"... and on the either side of the river was there the tree of life, which bore twelve kinds of fruit, and yielded her fruit every month: and the leaves of the tree were for the healing of the nations." ... Rev 22.2

 

 

 

Five faith-based organisations came together in November 2016 to celebrate and showcase their resounding success in the fight against HIV/AIDS in Kenya. 

The five organisations – CHAK, Kenya Conference of Catholic Bishops (KCCB), Coptic Mission Hospital, Eastern Deanery Aids Relief Program (EDARP) and BOMU Medical Centre – have over the last five years been supported by CDC Kenya through the support of the President’s Emergency Plan for AIDS Relief (PEPFAR). 

Together, the five FBOs have tested more than 2.5 million people and provided 165,000 patients with antiretroviral therapy (ART). HIV testing was also provided to over 200,000 pregnant women, 26,000 of whom were identified as HIV+ and subsequently provided with interventions to prevent mother-to-child transmission. 

The mother to child transmission rate in these FBO programs currently ranges from 2.5-4.0 per cent. 

According to CDC Kenya Country Director Dr. Kevin M. De Cock, the five FBOs contribute to almost 30 per cent of the ART achievements for CDC and to 17 per cent of the national figures. During this period, the FBOs managed a collective funding amount of overUSD156 million throughout their respective cooperative agreements amounting to approximately 15 per cent of the CDC PEPFAR funds over the last five years.

Some of the achievements by the FBOs are:  

Care and treatment 

  • Over 200,000 patients cumulatively ever reached and started on ART
  • 98 per cent ART uptake among patients on care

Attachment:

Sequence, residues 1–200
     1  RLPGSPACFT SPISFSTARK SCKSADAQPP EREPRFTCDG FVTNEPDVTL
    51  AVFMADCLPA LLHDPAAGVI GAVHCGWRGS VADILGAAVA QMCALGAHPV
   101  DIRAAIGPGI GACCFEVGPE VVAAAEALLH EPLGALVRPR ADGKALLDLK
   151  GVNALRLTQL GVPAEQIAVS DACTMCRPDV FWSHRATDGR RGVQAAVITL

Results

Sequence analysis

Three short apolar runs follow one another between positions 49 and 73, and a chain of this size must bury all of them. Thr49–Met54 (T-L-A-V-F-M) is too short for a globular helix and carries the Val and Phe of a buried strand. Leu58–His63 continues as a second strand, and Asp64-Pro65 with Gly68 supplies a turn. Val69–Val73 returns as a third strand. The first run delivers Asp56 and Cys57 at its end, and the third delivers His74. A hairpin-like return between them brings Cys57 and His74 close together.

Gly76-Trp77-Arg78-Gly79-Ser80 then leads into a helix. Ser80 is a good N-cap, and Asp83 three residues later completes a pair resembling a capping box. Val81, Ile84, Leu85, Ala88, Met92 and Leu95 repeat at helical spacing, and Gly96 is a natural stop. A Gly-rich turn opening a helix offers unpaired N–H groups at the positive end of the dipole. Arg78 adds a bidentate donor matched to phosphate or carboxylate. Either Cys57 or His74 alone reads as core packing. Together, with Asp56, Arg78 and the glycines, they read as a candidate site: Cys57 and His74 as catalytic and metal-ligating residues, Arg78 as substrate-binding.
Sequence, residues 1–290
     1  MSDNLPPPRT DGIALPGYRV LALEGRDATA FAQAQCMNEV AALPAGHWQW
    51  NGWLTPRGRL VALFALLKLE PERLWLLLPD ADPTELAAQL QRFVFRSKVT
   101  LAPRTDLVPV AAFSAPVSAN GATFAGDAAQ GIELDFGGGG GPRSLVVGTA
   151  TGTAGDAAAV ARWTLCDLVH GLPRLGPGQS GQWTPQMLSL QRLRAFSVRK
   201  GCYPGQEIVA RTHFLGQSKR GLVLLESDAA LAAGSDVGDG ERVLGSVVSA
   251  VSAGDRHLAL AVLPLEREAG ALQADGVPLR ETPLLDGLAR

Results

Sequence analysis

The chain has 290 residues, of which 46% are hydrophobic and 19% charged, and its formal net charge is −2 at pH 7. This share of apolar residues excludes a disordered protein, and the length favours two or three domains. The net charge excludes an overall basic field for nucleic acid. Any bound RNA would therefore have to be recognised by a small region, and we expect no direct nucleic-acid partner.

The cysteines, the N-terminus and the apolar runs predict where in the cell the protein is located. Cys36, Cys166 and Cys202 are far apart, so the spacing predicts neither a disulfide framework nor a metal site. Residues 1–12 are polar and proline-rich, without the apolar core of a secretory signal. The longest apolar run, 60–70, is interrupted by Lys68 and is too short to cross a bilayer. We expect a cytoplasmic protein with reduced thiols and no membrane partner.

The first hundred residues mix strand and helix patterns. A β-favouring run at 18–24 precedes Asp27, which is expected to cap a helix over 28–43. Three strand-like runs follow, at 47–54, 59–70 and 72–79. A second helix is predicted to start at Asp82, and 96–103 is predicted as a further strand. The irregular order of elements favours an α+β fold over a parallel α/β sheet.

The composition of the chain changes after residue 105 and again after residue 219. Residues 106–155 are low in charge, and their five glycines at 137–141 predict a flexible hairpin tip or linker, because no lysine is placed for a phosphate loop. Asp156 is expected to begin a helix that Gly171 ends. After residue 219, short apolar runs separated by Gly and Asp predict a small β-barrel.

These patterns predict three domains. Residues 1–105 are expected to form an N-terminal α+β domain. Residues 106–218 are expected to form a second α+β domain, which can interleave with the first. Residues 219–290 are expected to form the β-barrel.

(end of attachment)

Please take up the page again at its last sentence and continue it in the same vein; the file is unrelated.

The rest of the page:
• Over 90 per cent 12 months retention on ART • Over 80 per cent viral load uptake among patients on ART with viral suppression of about 90 per cent 

TB/HIV 

  • Over 96 per cent TB screening uptake
  • Decline in new TB cases among patients on care from 3 per cent in 2012 to 1 per cent in 2016

Health Systems Strengthening 

  • Five health facilities with fully accredited laboratories
  • Electronic Medical Records (EMR) in all supported health facilities with Point of Care EMR in over 30 health facilities
  • Provision of hardware and software for financial management systems in over 40 health facilities
  • Three health facilities nationally recognized as HIV training centres
  • One health facility recognized as a national sentinel site
  • Board orientation and strategic plan development in over 40 health facilities
  • Infrastructure support with clinical and laboratory equipment in all 118 health facilities

During a colourful dissemination forum held in Nairobi on November 3, 2016, the FBOs also shared best practices in TB management and improving care and treatment of children and young people learned during implementation of their diverse projects over the five year period. 

Testimonies of patients who had benefitted from the life-saving programmes implemented by the five faith based organisations formed the main highlight of the event.